Level 2 is how we frame the content model for the outside world to consume. This is public face of our content, regardless of how we actually modeled it using the features of our CMS.
We could still use some standards here. We need to agree on some basic concepts. For instance, do we expose the idea of parent-child relationships? Is an object’s status as a “child” of some other object a concept that an external system should know about? Is this a paradigm with enough utility we should all agree on it? If we retrieve a content object, should it be known that we can always ask for the children of it? Or ask for its parent?
This what standards like the Java Content Repository (JCR) and Content Management Interoperability Services (CMIS) have tried to do. Why those standards have never really taken off in the broader CMS industry is not something I’m qualified to answer (but that I wish someone would…).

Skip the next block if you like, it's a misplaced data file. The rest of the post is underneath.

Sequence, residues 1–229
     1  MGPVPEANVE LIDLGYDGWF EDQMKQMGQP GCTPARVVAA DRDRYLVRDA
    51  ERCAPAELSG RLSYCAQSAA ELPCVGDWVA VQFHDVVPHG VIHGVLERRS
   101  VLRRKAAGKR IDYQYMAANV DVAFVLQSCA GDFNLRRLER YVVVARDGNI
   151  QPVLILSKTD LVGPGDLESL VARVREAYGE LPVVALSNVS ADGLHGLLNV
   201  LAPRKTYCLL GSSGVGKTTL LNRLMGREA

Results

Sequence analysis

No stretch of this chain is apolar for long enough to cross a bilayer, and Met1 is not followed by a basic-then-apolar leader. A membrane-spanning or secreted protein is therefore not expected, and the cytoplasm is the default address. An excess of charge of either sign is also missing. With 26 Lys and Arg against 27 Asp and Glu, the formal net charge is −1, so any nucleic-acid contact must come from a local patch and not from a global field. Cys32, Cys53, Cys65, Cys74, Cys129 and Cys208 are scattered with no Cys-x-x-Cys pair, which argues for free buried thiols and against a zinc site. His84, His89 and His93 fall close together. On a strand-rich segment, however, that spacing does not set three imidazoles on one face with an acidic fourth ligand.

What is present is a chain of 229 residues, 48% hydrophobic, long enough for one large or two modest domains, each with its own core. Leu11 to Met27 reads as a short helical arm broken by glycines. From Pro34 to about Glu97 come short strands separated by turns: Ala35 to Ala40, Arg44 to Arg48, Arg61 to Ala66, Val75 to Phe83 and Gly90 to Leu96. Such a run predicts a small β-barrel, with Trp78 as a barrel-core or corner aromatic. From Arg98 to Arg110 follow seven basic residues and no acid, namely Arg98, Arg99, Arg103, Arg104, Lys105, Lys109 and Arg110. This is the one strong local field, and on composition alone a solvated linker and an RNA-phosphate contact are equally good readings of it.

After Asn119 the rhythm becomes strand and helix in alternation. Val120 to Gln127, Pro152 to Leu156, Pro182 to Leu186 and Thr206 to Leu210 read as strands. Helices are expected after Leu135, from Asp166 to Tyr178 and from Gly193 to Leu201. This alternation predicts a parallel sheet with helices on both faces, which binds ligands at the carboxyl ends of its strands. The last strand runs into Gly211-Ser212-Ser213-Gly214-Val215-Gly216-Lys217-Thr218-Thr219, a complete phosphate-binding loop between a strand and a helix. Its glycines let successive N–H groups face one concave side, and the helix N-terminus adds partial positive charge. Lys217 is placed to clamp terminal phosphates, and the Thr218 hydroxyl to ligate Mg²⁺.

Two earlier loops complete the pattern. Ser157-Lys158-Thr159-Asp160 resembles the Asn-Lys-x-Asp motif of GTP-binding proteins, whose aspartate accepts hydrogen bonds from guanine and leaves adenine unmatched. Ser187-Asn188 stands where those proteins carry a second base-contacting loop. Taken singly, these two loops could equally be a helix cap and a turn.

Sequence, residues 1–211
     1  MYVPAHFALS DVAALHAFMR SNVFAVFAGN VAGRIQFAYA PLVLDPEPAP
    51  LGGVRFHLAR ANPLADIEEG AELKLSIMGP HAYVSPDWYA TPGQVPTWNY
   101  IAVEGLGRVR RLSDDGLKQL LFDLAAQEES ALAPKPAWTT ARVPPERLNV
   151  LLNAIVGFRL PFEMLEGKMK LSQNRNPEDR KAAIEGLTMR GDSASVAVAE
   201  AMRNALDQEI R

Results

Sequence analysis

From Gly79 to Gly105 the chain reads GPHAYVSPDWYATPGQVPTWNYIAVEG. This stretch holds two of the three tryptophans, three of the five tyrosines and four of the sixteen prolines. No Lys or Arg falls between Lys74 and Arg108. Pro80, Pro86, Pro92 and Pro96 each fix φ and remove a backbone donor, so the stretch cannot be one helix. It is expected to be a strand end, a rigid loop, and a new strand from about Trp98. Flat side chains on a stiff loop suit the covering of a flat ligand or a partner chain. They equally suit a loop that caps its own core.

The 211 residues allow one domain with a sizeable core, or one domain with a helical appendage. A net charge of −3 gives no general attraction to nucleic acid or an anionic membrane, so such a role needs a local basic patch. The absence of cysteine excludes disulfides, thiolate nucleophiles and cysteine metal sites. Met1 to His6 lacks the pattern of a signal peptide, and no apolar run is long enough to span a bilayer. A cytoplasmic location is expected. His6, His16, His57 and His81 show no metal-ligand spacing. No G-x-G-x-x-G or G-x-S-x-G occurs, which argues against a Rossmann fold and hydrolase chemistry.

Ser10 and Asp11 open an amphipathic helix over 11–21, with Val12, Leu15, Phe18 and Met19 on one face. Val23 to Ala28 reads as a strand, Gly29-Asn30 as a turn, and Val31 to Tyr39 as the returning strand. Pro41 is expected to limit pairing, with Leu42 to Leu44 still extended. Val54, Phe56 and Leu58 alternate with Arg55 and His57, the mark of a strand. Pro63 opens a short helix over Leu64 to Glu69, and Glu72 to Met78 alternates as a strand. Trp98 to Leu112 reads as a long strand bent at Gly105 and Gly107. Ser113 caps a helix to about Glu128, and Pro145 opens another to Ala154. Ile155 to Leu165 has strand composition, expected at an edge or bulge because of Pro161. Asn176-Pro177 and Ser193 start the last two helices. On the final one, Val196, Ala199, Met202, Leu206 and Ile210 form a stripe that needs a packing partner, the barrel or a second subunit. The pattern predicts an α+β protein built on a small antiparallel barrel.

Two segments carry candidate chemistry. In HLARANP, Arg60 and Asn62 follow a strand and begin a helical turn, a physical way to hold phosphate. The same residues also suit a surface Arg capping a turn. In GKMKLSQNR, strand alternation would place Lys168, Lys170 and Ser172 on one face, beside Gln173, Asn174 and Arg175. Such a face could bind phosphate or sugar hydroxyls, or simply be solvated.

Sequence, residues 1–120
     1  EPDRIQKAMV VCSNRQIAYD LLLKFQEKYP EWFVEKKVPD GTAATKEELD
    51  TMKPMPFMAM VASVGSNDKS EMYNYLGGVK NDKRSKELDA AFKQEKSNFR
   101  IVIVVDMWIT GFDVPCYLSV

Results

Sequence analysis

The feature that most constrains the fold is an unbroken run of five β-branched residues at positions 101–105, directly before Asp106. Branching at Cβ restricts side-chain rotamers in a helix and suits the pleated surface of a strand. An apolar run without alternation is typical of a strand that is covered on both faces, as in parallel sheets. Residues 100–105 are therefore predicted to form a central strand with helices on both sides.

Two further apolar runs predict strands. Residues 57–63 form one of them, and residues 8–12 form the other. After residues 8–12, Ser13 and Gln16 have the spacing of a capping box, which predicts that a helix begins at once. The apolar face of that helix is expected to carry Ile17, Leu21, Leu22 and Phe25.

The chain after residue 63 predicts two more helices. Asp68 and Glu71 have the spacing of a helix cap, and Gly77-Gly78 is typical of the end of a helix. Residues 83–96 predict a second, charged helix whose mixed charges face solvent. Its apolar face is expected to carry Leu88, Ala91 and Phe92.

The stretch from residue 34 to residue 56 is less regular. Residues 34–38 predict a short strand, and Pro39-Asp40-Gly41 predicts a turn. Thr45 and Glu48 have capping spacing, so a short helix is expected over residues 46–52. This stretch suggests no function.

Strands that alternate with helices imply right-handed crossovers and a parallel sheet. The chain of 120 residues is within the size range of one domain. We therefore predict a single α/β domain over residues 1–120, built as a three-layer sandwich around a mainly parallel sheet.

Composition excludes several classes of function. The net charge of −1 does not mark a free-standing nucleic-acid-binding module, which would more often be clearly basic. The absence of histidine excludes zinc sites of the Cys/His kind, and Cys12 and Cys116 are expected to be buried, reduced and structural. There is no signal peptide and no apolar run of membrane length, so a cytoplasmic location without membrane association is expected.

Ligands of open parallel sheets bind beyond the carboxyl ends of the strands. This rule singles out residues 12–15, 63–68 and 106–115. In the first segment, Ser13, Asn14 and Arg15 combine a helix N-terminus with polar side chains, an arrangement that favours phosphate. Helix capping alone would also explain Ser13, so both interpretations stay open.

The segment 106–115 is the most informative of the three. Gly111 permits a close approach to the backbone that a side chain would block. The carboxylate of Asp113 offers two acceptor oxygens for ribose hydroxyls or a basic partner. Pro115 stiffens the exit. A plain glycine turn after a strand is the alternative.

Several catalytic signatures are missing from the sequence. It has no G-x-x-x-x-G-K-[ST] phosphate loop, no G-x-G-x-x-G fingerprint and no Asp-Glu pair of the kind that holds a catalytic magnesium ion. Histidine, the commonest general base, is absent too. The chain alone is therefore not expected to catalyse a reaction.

Level 2 is essentially what we all decide to agree on, in terms of how content can exist, both discretely and relationally.
Level 3 is a communication detail. Lots of people feel very strongly here about their language of choice, but my feeling is that so long as we agree on Level 2, it doesn’t matter how we serialize and transmit – JSON, XML, rhyming verse, whatever. The concept of communicating a piece of data from one system to another is a problem solved multiple ways, and we should just let a thousand flowers bloom here.
So, to be clear, this guide has been about Level 1. Where I think we need to standardize as an industry is Level 2. Level 3 is another argument entirely, and I don’t think it’s a particularly necessary nor productive one.